Cornerstone Business Solutions managing director Chris Petty takes a look at the big technology changes to affect our work and social lives over the next 12 months…
In July last year, Facebook chief executive Mark Zuckerberg predicted that humans would one day be able to talk with their minds and get Internet access from orbital lasers beaming power down to Earth.
While we wouldn’t recommend holding your breath for those technologies just yet, 2016 will be filled with incremental tech developments that will serve as a foundation for a much smarter future.
Virtual reality, artificial intelligence and smart cars will move to the main stage in 2016 as hardware is commercialised and cloud technologies make way for multi-functional computing.
2016 is going to be a huge year for artificial intelligence (AI). These architectures will result in more natural and competent speech interactions with our computers and smartphones that will make virtual personal assistants, such as Microsoft’s Cortana and Apple’s Siri, genuinely helpful.
AI advances in 2016 will allow virtual assistants to understand the tasks we’re working on and help with them. For example, they’ll be able to compile research automatically, almost like a real personal assistant. They’ll also understand the commitments we make to others, for example by realising from the context of an email that you’re meeting a friend for dinner, and then automatically adding it to your calendar.
VR is a hot tip for 2016 with the likes of Sony, HTC, Oculus and Microsoft all working on headsets. Though the initial focus for VR is as a means to interact with video games, don’t be surprised to see functionality expanded to include watching films and making video calls – especially now that Facebook has bought Oculus.
Every year since 2013 industry experts have forecast Smartwatches to be “the next big thing”. But so far the products have failed to live up to the promise. 2016 could change all that, as wearables cut the cord to mobile phones and become entirely self-contained with their own wi-fi, GPS and sim card.
New technologies are enabling phones to charge through wavelengths. Japanese telecom company KDDI Corp has a product, called Cota, that will automatically recharge mobile phones at a distance, similar to how wi-fi transmitters deliver data from routers to devices. Cota serves as a central hub, almost like a wireless router, that pushes out targeted energy through wavelengths to charge devices without having to plug them in or place them on a pad.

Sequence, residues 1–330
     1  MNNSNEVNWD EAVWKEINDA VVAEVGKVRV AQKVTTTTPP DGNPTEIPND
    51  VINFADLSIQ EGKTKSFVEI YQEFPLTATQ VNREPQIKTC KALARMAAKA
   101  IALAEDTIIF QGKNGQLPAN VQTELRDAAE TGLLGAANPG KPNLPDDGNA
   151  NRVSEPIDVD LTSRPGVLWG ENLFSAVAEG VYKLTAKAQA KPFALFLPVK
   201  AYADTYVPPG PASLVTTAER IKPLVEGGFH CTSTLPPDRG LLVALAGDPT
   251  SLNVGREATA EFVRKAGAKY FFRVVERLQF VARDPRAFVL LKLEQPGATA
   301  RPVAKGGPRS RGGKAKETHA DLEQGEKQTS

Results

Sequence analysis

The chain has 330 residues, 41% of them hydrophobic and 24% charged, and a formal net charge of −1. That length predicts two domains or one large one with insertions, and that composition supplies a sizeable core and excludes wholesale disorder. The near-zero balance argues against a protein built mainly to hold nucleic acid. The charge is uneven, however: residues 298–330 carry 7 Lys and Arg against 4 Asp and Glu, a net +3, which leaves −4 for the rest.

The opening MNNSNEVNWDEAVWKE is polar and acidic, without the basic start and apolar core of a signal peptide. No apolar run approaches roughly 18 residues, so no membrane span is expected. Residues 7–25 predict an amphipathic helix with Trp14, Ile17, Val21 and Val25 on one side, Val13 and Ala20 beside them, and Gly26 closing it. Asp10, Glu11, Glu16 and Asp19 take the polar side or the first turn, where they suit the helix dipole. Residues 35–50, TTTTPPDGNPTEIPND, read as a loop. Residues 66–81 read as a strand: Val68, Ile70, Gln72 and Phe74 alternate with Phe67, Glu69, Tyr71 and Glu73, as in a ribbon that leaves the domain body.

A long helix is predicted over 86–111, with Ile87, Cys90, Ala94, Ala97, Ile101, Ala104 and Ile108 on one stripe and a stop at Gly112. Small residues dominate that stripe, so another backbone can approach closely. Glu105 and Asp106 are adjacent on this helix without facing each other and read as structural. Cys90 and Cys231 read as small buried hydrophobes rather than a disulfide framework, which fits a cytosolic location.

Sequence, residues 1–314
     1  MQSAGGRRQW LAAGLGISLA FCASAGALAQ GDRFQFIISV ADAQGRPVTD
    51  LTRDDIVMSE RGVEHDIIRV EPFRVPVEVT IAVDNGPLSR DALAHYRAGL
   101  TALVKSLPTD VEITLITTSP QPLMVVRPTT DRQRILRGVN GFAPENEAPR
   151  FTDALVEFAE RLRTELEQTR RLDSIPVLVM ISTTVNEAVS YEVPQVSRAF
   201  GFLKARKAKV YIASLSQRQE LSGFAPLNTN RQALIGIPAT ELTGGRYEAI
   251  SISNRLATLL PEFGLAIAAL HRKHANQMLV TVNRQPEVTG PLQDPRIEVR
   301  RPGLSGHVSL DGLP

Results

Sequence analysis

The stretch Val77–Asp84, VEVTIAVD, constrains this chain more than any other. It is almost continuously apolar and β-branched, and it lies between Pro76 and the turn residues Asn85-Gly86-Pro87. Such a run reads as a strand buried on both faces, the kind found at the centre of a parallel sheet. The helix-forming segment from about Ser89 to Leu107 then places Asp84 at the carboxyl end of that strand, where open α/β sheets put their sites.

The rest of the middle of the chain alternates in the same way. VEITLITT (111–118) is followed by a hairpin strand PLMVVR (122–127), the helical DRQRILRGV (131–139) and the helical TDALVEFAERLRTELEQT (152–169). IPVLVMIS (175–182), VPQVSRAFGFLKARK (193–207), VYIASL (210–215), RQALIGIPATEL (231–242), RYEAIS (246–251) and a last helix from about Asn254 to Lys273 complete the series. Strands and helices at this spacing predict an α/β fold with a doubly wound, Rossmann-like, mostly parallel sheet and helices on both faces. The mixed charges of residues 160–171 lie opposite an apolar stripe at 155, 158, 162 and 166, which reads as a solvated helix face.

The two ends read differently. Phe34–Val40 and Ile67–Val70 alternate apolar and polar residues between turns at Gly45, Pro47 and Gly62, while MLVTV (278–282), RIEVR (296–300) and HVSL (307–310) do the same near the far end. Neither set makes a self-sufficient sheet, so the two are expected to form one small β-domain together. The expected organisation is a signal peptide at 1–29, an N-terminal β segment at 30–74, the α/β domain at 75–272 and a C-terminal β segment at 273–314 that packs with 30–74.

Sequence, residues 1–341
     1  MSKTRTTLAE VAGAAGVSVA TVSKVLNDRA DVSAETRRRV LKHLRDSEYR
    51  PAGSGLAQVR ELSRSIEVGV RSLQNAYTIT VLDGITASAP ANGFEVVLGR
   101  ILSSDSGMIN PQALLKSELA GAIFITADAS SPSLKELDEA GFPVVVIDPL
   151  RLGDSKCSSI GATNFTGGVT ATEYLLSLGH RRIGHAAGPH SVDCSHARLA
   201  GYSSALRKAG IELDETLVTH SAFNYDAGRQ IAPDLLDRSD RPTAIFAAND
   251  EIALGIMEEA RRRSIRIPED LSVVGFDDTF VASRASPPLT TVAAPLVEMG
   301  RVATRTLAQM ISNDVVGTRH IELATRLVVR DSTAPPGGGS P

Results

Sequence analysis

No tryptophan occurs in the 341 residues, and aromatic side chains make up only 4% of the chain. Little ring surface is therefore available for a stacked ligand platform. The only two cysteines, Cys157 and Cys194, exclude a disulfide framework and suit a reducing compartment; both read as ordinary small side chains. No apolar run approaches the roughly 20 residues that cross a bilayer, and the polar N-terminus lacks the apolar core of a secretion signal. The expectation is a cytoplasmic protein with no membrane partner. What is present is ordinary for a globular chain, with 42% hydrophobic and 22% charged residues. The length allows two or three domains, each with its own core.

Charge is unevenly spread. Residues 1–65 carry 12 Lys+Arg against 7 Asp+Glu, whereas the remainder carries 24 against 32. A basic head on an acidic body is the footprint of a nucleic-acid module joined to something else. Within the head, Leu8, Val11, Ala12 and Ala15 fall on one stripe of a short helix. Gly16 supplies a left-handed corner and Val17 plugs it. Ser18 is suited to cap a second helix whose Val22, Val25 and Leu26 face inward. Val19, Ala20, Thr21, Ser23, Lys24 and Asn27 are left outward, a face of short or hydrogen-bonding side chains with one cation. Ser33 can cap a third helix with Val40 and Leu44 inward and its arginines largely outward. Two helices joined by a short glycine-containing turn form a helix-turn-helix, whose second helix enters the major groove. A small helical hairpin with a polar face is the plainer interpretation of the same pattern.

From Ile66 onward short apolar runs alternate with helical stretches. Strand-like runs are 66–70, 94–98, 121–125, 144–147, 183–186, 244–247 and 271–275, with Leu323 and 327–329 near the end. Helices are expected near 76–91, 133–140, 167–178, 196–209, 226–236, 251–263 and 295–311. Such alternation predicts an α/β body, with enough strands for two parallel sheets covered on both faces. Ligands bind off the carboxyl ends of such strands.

Internet of Things
The so-called Internet of Things (IoT) is all about making everyday household technology controllable from your smartphone or TV. Imagine turning up your heating from your phone, monitoring who’s at your front door via your TV or putting the kettle on without leaving your sofa. You’re now picturing a home connected by IoT.
Hurray, no more taxis nor the wife’s dangerous driving! Google has had a fleet of autonomous cars driving themselves across the USA since 2014, while other car manufacturers, including Ford and General Motors, aren’t far behind. While 2016 might be too early to see self-driving cars come to retail, we’re expecting to see ever more ambitious tests.
New data protection methods
Every time a new home appliance becomes connected to the Internet, a new wearable device starts tracking more of our movements or a social network encourages us to put more of our feelings and vacation pictures online, more data is created. A lot more data. And that also means that parallel security measures will need to expand both in size and sophistication. New software security technologies will depend on identifying abnormalities in network behaviour instead of identifying destructive code in software.
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